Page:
RealiMation from November 1997 to September 1999 @ Datapath (part 3)

Previously: RealiMation the Datapath Years, Part 2.

The latter part of this period saw us working on a couple of major projects and the start of what would ultimately be called mantra4D.


We worked with Jasmin (a local defence and civil engineering contractor) on a bid for a Close Air Defence trainer for the Army. It was to be based on a projected main view, a magnified view through binoculars and a second magnified view though the eyepiece of the weapon system so that a squad could all train together. There was an extra complication in that the training system had to be portable. Part of the bid involved setting up a demonstration of a mock up of the system with a projected image and a pair of electronic “binoculars” with a tracker taped to them. We did resolution calculations to prove that we could project a high enough resolution image at the required size using the projectors available at that time.

At one point we were considering a twin channel system for the basic portable system as well as for the “top of the line” permanent simulator we would have also had to supply, but we thought that the logistics of setting it up would have proved too onerous. The twin projectors would have to have been correctly and accurately aligned to produce a high quality image. As the join between the images would have been in the centre of the field of view, any misalignment would have been highly visible, even with edge blending. We did some calculations and it turned out we could (just) get enough detail from a single projector, so we dropped this idea. We (or at least our partners in Germany) would come back to this same problem when they developed a portable stereo system. The solution they came up with was to build a portable rack to mount the projectors in – which worked quite well.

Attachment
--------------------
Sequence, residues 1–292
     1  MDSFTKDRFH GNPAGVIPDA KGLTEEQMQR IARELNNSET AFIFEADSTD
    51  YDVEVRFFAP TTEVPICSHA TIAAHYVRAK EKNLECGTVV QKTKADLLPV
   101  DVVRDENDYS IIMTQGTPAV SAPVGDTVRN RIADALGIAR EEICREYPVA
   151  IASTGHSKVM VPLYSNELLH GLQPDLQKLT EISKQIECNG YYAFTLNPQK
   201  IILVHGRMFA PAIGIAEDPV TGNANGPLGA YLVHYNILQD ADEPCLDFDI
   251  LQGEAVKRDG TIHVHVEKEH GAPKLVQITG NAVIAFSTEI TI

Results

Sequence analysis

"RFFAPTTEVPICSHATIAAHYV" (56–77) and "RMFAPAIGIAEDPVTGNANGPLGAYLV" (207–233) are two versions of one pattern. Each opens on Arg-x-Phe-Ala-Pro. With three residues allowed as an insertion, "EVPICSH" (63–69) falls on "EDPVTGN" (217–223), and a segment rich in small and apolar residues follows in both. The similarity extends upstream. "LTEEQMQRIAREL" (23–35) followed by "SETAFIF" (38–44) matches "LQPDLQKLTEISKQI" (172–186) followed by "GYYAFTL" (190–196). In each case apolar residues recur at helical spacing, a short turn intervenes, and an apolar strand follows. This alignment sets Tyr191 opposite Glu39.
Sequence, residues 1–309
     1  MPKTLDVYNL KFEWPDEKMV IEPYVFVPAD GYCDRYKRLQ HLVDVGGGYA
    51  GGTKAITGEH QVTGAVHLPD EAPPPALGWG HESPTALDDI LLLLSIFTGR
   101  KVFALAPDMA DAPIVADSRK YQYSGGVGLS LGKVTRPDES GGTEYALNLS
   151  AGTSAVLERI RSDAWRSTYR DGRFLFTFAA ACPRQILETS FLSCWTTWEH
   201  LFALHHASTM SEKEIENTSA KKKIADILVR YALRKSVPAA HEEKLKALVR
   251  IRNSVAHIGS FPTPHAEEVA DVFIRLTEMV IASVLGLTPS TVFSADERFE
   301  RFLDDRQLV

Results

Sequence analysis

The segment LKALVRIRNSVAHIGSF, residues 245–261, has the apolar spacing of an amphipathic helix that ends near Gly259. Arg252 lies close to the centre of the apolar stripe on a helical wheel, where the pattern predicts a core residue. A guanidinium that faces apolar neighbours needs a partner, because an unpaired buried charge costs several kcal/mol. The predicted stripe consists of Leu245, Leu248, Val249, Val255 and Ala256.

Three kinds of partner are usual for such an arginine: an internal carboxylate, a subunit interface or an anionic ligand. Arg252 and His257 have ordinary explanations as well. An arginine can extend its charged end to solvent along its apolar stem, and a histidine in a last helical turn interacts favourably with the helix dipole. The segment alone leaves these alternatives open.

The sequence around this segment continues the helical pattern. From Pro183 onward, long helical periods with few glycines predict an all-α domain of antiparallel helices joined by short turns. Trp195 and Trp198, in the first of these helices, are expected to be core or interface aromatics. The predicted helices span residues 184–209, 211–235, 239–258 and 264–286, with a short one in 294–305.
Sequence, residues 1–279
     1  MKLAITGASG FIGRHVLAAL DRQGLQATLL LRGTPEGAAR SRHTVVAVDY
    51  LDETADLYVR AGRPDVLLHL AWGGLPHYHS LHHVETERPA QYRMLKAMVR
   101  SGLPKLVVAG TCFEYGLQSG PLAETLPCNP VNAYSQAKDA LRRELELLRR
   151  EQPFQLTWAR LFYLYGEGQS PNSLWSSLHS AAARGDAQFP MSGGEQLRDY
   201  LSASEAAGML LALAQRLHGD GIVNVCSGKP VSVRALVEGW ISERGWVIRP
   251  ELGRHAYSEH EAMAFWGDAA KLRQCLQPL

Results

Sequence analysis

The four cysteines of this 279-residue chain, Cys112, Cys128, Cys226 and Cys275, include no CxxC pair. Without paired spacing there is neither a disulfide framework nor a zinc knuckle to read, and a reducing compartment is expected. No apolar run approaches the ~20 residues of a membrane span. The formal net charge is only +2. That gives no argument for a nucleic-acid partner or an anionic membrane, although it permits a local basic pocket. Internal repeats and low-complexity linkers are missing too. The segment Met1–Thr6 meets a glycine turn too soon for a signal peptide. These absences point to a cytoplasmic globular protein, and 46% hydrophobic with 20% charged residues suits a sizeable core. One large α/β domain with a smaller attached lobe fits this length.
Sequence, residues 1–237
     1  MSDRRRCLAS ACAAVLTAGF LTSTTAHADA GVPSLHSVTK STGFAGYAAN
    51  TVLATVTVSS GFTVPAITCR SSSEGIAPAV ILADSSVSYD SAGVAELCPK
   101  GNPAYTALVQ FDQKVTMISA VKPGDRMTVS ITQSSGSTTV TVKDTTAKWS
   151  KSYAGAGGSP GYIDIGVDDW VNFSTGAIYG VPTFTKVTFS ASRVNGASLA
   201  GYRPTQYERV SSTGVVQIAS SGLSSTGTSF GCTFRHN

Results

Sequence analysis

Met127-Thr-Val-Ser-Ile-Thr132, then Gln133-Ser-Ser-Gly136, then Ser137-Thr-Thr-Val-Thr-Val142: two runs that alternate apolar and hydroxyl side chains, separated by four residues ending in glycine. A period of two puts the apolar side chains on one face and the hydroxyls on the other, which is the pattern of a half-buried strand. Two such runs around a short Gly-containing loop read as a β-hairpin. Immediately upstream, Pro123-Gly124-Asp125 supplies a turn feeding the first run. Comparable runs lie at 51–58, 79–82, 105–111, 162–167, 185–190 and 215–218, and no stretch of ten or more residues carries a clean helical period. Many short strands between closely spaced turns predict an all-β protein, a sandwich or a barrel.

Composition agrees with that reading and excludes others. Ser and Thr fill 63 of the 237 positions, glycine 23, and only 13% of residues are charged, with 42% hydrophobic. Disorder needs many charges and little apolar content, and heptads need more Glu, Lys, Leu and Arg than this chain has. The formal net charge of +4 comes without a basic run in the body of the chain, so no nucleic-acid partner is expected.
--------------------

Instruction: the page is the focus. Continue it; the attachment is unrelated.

The quality of projectors was constantly improving during this period, both in their resolution and brightness, which was both useful and a potential problem for us. One of the key requirements was that the system would work at normal ambient light levels as we would have no control of the rooms it would be set up in, so any increase in image brightness would help. However, we did have to specify the hardware that we would be using, which could have ended up with us supplying an underpowered system – though I think we did try to introduce enough leeway so we could substitute better hardware later.

I also had a trip down to Salisbury to see the actual weapon – a scary piece of hardware, see some of the existing simulators they had, and ask some questions to further our bid. We didn’t get to see the weapon fired – mainly because each one cost several million pounds! We didn’t win the contract – which in hindsight was rather fortunate – apparently for political rather than technical reasons.

Dome Trainer upgrade.